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Jul 09

Starting up a business

While it’s highly recommended to write regular posts, I have to admit that I have been in “violation” of this golden rule for blogging. But … I had a good reason!

The past couple of months it’s been crazy around here, since my husband decided to start his own physical therapy practice. All hands were on deck, searching for a location, equipment, computer, software, supplies, and all that’s involved in started a business. This all had to happen within two months, and it took many hours, visits, calls, internet searches, take out dinners, etc., but we pulled it together! All my prior reading, research, teleclases and other information sources must have prepared me mentally to tackle this job, because I never expected to start a business this way, and this quick. We learned to prioritize and made the practice functional by the start date, leaving the purchase of additional equipment and decorating for later. Roel already had a client base and they needed to be serviced!

Having an existing client base was crucial to the decision to start the business, because if we had to start from scratch we would probably not have taken this important step. The practice is up and running, even though we both have so much to learn. Most healthcare providers who are highly skilled in their field, never learned how to run a business. Equally, most translators and virtual assistants don’t know a thing about medical billing, but if we wanted to succeed, we’d better learn fast.

So while Roel was diving into all types of books, magazine articles and internet sources, he learned that he had to switch his mindset to that of a business owner. On the other hand, I was burying myself in books and talked to specialists about medical billing, to help me understand how the billing cycle works. This helped me big time, when we had to decide which billing and office management software to choose for the practice. I learned about the features, requirements, support and the different price tags of these programs. These are the most important factors in the decision making process for this type of specialized software, and again we looked at all the pros and cons before we decided what best fit the needs of the practice and our wallet. It is real easy to get carried away and order that fancy package used by most PT clinics (which may have a staff of maybe 10?). But we kept our head cool and choose one in the midrange.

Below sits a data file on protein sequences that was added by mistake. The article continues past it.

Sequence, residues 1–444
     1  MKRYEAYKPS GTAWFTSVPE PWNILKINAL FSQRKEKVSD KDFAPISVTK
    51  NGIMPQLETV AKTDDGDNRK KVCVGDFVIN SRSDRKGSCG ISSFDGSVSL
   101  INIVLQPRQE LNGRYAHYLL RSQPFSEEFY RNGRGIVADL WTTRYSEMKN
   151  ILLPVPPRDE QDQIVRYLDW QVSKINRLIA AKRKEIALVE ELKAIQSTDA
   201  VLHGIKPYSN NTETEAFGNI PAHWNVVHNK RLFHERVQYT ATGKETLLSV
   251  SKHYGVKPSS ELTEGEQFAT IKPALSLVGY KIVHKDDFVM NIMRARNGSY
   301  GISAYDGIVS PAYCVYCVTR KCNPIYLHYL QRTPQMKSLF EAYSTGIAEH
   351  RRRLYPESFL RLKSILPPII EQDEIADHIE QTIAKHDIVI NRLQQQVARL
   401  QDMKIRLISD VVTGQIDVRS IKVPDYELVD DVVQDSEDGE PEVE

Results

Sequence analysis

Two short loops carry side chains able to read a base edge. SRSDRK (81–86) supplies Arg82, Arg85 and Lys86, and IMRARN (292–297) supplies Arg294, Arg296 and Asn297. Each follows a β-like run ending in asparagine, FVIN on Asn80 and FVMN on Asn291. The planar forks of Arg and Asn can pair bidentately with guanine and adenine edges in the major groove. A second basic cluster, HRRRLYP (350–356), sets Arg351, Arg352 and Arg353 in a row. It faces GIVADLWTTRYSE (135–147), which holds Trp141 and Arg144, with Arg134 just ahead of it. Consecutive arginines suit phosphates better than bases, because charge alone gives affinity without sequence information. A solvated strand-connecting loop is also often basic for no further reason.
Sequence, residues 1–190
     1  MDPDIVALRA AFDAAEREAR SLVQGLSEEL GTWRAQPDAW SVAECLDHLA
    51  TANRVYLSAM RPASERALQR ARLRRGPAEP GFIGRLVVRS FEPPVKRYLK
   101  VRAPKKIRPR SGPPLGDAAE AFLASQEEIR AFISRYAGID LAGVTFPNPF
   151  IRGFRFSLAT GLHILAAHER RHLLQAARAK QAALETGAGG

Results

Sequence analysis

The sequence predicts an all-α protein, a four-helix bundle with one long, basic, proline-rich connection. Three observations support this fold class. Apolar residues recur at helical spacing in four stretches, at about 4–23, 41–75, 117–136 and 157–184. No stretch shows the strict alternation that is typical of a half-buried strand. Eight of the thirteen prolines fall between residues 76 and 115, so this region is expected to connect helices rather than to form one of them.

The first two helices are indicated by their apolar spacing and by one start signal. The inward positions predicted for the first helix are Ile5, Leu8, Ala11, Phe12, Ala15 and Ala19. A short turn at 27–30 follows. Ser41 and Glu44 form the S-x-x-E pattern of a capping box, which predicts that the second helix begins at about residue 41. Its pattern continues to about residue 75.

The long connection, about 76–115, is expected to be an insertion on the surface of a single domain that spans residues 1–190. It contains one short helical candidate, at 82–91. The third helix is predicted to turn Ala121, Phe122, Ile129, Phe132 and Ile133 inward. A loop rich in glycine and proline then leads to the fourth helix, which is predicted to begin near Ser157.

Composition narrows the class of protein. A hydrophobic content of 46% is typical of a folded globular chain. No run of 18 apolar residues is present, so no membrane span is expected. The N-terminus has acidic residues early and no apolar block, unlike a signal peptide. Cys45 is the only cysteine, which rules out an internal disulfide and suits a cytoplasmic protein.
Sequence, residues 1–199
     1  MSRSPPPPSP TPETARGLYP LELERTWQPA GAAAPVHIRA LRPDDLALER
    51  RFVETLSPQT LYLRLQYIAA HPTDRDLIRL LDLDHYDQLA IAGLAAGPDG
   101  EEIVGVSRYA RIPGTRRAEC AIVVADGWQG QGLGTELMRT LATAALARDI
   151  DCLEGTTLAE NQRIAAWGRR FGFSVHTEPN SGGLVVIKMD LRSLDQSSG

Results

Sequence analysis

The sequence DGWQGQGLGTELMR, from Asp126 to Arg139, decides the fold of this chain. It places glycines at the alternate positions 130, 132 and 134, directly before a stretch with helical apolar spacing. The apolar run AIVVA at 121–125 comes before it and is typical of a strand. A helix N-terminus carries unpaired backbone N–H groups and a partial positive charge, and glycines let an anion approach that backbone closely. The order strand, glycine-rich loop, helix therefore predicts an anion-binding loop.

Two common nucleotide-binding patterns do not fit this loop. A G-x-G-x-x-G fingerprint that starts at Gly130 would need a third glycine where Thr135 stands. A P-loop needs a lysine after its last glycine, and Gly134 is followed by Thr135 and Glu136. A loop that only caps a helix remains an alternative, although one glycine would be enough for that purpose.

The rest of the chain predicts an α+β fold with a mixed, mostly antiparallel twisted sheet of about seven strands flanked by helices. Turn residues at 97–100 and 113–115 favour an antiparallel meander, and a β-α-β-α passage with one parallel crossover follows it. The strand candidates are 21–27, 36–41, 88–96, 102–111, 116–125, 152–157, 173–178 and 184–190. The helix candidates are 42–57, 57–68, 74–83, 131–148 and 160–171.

Knowing some about technology, computers, business requirements and latest developments and trends, contributed to the final selection of the best computer package and printer for our needs, saving us a lot of money on set up and installation as well.

In the meantime I was also working on creating the website for Remobility, using information from the old brochure and what I knew about the practice and it’s owner (LOL). In addition, all that  knowledge I had gathered over the years on how to create a decent website could be put to good use once again. The website is an ongoing work in progress as we continue to test what works or looks better.

My latest endeavour was getting the newsletter together. The main purpose will be to educate clients and the general public, and at the same time be a useful (online) marketing tool next to the website.  We have already received some feedback about the newsletter, that we will implement with the next edition. The newsletter will also be made available on the website. We have many exciting plans we want to develop for the future

As you can see, I had a good enough reason to be away from my blog even though I felt very guilty about not posting.  However, I am back and I hope to write more frequently because I am beginning to get inspired to write more (LOL).